“Wiley later claimed that Diet Coke and McDonald’s cheeseburgers have special ‘5D’ properties. The idea of separate but interconnected 5D and 3D worlds is a major part of Wiley Brooks’s ideology, and Wiley Brooks encourages his followers to only eat these special 5D foods, as well as meditate on a set of magical 5D words.”

I was chuckling away, until I came to this: “Brooks’s institute has charged varying fees to prospective clients who wished to learn how to live without food, which have ranged from US$100,000 with an initial deposit of $10,000, to one billion dollars, to be paid via bank wire transfer with a preliminary deposit of $100,000, for a session called ‘Immortality workshop’.”

After reading that, I stared into space for about fifteen minutes, which is quite a long time to do that kind of thing. One hundred thousand smackers, let alone a billion, is a hell of a lot of dosh to charge someone just to tell them to shut their cakeholes, and I began to wonder if I had not taken a wrong turn in life when, perhaps overimpressed by The Waste Land in 1978, I decided to devote the rest of my life to the study and appreciation of literature, and the construction of a nicely turned sentence. A fat lot of good that has done me, I can tell you.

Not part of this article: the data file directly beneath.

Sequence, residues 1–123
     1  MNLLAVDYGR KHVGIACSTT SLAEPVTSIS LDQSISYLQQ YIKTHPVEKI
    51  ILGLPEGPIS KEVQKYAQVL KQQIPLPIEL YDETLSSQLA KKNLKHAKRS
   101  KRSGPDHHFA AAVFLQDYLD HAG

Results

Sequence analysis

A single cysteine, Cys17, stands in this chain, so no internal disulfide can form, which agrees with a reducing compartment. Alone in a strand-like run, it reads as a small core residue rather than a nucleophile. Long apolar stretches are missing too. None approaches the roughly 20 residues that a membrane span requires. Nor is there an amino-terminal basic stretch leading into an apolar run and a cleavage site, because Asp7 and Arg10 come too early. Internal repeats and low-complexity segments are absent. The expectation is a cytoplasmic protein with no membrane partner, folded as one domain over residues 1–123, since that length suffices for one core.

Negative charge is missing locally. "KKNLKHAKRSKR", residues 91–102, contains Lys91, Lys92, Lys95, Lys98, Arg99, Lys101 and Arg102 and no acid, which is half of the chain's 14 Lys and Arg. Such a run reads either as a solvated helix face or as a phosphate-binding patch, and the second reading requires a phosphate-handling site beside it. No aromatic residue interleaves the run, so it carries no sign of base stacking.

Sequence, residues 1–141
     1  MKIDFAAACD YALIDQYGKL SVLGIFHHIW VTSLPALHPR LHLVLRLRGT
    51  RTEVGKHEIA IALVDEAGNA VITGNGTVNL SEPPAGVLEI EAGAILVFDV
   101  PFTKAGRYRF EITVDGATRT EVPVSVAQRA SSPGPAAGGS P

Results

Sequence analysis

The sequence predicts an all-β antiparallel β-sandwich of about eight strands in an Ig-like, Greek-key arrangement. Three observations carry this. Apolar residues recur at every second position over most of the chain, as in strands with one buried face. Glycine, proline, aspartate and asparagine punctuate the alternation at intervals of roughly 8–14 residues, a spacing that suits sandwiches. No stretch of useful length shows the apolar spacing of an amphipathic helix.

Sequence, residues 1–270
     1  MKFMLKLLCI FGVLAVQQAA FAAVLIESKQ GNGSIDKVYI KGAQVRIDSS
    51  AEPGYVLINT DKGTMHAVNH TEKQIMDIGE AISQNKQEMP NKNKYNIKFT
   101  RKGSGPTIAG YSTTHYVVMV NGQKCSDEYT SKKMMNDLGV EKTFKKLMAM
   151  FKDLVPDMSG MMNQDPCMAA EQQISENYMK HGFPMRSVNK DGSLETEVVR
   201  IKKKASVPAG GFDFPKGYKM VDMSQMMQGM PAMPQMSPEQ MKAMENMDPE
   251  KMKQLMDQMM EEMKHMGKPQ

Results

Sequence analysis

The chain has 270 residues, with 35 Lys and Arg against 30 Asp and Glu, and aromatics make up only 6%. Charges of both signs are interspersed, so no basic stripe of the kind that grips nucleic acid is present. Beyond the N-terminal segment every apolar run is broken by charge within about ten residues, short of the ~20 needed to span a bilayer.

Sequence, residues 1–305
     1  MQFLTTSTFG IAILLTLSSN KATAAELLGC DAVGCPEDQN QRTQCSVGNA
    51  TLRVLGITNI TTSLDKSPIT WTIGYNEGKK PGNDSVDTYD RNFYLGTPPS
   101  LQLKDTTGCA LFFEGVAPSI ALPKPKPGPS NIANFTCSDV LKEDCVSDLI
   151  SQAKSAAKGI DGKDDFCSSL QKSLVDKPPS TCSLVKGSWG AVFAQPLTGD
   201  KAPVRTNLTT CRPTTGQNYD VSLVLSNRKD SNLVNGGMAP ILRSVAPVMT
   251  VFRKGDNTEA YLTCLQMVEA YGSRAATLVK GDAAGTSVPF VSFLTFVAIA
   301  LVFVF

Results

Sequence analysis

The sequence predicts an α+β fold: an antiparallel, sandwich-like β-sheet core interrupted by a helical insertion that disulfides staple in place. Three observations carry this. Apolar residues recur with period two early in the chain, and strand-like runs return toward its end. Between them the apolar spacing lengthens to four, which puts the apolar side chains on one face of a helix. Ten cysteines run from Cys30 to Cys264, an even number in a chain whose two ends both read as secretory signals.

So maybe I have stumbled on the way forward. We are, after all, living in the age of the lie, so I think the time is right for me to start the Global Lezardian Institute, which teaches, for an enormous fee, that it is possible to survive – even maintain – a portly embonpoint, on nothing but a bottle or so of wine a day, and a few roll-ups. 

Content from our partners
We need an urgent review of UK pensions
The future of private credit
Peatlands are nature's unsung climate warriors

This article appears in the 02 Oct 2019 issue of the New Statesman, The Brexit revolutionaries